Intertextual and Extratextual Evolution: Reading The Color Purple

The very criteria of judging a film adaptation on the concept of fidelity had largely affected its individuality in the early Twentieth century. However, in the latter half of the century film theories of critics like George Bluestone and Andre Bazin gave film adaptations their due status as the genre of film grew to gain popularity. A reader's proximity with a novel develops an approach that expects the film adaptation to be an exact copy of its source text. The film adaptation of Alice Walker's The Color Purple was also criticised for playing with the author's feminist stance and for its inability for fidelity to its source text. This paper will attempt to present Steven Spielberg's The Color Purple as a profound filmic adaptation of Walker's novel whose identity as a film does not derive from its comparison with the novel for fidelity but its own artistry.
It will further move on to state that a text rich with details of various socio-cultural settings evolves extratextually maintaining relations with real 'spatio-temporal' structures towards its intertextual evolution due to its many adaptations. Hence, a novel like The Color Purple moves on to take a shape of a text that has come to be temporally and culturally evolved.
Keywords: Intertextuality, Fidelity, Adaptation, Cinema, Source text, Extratextuality, Temporal evolution, Chronotope, Genre, Sisterhood, Feminism, Womanism, Transference, Subtext
Intertextual and Extratextual Evolution: Reading The Color Purple
'The chronotope is the place where the knots of narrative are tied and untied. It can be said without qualification that to them belongs the meaning that shapes narrative.' ( Bakhtin, 250)
Outside a text, a 'chronotope' affects the very experience of reading and reader's association with that text. It influences a reader and his socio-cultural milieu that had itself influenced the creation of that text. Relation between a literary and a real 'chronotope' produces a picture of a unified text. The experience of reading a text like Alice Walker's The Color Purple, a text that has been adapted and re-adapted in diverse genres will differ in diverse 'chronotopic' backgrounds. Different 'chronotopic' backgrounds, of the author, of characters, of events in the text and of its many adaptations and interpretations of the novel The Color Purple have produced a text that has been culturally evolved over the years.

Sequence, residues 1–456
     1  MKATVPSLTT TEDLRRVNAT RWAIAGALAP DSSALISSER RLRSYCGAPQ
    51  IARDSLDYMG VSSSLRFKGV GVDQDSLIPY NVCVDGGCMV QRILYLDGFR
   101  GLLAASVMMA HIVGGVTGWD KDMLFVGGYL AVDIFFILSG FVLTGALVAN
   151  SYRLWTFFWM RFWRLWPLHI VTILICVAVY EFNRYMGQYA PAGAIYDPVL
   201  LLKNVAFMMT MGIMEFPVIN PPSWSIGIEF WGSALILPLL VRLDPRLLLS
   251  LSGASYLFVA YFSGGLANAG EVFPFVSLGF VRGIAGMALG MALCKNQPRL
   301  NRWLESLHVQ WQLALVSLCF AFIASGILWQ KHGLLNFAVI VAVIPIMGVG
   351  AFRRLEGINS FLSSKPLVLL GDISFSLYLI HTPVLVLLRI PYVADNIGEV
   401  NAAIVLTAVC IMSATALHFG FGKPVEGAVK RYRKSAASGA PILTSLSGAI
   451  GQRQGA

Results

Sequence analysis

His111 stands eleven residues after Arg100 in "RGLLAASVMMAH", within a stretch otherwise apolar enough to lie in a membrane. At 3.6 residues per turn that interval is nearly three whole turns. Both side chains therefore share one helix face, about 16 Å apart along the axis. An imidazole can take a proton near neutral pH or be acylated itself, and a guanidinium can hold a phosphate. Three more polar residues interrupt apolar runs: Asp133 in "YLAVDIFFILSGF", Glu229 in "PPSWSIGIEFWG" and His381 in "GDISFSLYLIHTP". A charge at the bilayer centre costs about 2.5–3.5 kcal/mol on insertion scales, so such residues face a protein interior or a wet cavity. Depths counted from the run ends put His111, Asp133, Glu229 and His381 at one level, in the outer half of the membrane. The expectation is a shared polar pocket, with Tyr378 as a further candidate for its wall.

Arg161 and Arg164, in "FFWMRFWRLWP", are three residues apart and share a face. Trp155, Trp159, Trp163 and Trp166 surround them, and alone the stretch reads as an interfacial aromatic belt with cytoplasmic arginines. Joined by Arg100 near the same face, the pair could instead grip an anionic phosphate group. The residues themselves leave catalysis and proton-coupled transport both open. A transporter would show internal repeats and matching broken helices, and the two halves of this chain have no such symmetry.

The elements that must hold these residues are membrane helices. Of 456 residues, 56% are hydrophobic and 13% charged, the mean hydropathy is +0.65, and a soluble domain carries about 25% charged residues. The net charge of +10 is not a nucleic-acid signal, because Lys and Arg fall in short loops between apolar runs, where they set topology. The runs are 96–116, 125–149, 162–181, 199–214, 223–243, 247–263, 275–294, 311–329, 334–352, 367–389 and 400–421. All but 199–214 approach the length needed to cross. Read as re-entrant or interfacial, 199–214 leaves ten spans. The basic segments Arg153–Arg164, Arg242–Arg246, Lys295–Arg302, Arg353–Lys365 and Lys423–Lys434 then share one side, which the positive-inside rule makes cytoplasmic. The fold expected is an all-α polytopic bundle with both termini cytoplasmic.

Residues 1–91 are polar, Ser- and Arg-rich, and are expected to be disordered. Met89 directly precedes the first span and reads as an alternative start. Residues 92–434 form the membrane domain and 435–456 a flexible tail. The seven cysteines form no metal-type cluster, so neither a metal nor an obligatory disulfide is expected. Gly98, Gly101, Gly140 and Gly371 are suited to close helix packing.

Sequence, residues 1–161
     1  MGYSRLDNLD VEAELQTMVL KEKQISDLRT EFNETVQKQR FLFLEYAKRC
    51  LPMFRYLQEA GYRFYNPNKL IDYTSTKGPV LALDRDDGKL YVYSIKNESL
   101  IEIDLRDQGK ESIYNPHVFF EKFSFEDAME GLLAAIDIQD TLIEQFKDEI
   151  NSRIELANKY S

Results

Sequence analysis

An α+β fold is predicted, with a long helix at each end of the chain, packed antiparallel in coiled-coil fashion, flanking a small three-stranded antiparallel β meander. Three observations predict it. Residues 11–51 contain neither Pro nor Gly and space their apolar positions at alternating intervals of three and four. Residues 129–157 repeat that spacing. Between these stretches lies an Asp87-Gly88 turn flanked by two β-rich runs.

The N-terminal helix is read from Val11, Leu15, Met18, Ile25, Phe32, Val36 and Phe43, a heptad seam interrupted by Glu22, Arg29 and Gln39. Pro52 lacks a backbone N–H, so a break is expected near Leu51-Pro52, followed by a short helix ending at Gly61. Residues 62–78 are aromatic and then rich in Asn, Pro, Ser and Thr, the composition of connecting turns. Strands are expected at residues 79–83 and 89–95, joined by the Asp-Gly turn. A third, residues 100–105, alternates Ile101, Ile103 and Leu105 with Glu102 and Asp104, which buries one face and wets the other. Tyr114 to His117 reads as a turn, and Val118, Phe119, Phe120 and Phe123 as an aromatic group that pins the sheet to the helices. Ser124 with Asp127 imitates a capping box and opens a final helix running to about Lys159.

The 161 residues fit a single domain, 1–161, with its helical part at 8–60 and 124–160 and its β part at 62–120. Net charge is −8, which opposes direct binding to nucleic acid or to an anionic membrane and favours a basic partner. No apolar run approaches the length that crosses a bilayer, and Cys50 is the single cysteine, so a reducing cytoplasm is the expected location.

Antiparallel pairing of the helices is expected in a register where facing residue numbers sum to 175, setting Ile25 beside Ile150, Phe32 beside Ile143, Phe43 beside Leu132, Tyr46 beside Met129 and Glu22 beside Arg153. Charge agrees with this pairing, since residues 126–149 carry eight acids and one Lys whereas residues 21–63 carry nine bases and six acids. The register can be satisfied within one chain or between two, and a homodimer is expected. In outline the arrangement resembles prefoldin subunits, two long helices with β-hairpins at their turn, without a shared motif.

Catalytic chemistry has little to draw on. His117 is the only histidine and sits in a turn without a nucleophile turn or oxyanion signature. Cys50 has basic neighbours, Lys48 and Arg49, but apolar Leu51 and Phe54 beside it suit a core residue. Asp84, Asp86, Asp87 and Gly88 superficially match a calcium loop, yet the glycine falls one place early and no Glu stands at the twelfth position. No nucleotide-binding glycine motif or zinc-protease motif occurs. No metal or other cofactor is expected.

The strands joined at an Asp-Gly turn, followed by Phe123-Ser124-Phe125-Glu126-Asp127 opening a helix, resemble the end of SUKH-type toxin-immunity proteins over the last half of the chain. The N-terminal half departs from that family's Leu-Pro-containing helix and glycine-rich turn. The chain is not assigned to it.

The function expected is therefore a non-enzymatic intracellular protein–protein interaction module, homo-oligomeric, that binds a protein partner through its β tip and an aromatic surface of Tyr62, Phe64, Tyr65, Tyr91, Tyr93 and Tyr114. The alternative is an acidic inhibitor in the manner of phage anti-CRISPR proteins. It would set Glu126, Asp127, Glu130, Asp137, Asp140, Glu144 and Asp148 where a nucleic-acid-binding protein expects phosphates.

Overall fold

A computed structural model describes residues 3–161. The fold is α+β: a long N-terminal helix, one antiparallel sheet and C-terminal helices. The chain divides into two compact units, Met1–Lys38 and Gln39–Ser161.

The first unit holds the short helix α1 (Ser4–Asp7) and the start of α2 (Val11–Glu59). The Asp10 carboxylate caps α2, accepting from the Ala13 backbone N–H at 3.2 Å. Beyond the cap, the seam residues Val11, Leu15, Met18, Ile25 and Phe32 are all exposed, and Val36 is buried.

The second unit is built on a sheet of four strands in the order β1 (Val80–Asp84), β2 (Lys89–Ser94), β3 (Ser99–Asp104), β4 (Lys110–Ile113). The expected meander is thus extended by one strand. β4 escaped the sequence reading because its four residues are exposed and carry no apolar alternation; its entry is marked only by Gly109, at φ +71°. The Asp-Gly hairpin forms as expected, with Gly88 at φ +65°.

The adaptation of the novel in a Hollywood film by Steven Spielberg was momentous of its eventual popularity. However, Spielberg's adaptation of the novel The Color Purple in a film barely after three years of its publication was widely criticised for lessening the author's feminist stance by not dealing with the subjects of lesbianism and incest. Yet Spielberg's move towards a tender portrayal of the subtexts of lesbianism and incest was a smarter one. Excessive focus on such themes would have affected it popularity at the box office especially among men. Considering readers' proximity with the novel, film was blamed for being infidel to the source text. Criticism of the film in being infidel raised a question over its individuality. History has stayed witness of the diminutive status that has been accorded to the film in comparison to grandness of the novel. George Bluestone argues in his book Novels into Films that the two genres of film and novel cannot be compared for being different genres of art. Bluestone's theory favours the changes a film adaptation is bound to have. He says, '...Changes are inevitable the moment one abandons the linguistic for the visual medium... A (Film) cannot be directly compared with B (novel) because the scales of judgement are different.' (Bluestone 174-175) Any piece of art whether it is a novel, a poem, a painting or a film, each has its own uniqueness. However, an idea does not take birth from nowhere. It has traces in the ideas and concepts of the works/scholars/writers preceding it.